L'Oréal trademark is worth protecting from cybersquatter

France

The Versailles Court of Appeal has issued a decision in Christiane L v L'Oréal, a case of cybersquatting that involved the registration of several L'Oréal trademarks as domain names.

In 1997 L'Oréal registered its advertising slogan 'L'Oréal, parce que je le vaux bien' ('L'Oréal, because I'm worth it') as a trademark in France. It went on to register translations of the phrase as trademarks in Germany, Spain and the United Kingdom. Christiane L registered 13 domain names in August 2000, all of which were '.com', '.net' and '.org' variations of the trademarked phrase in French, German and Spanish. L claimed that she intended to use the domain names for a series of websites dedicated to numismatics (the collection of coins and banknotes).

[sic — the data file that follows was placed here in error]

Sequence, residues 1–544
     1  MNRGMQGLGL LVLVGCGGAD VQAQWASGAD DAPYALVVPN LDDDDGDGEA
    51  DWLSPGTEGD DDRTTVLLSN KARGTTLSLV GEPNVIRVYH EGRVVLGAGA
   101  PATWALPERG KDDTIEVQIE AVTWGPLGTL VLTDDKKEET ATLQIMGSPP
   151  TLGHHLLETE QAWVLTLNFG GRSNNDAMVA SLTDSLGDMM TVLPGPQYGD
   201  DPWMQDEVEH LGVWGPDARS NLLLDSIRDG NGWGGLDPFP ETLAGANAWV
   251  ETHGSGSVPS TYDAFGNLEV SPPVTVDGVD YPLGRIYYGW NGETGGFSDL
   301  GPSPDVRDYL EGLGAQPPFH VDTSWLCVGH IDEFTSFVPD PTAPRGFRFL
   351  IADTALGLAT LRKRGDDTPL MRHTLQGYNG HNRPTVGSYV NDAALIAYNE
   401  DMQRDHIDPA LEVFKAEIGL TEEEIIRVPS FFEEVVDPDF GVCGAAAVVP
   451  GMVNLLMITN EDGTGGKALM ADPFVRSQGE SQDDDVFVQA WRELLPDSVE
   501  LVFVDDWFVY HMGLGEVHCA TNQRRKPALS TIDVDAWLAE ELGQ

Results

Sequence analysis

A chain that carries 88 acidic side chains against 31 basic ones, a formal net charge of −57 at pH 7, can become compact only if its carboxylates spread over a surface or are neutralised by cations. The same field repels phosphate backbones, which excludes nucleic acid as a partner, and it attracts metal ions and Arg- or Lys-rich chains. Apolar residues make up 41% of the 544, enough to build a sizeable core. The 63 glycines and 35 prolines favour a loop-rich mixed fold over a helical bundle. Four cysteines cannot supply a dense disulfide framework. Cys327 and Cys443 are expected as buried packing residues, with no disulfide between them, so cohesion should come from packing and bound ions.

L'Oréal petitioned the French courts to have the three French language domain names transferred, claiming that they exploited its famous trademark (ie, the French slogan).

The court of first instance ruled that while L had not exploited L'Oréal's trademark as she had not used the domain names to advertise or sell products that were identical or similar to those for which the trademark was registered, she was guilty of trademark infringement.

On appeal, the Versailles Court of Appeal affirmed. It held that L's use of L'Oréal's trademark - even in relation to services not offered by L'Oréal - would dilute the cosmetic company's famous mark. Thus, the court ordered L to transfer the three domain names to L'Oréal and pay L'Oréal €1,500.

Cédric Manara, Cabinet Caprioli Avocats, Nice

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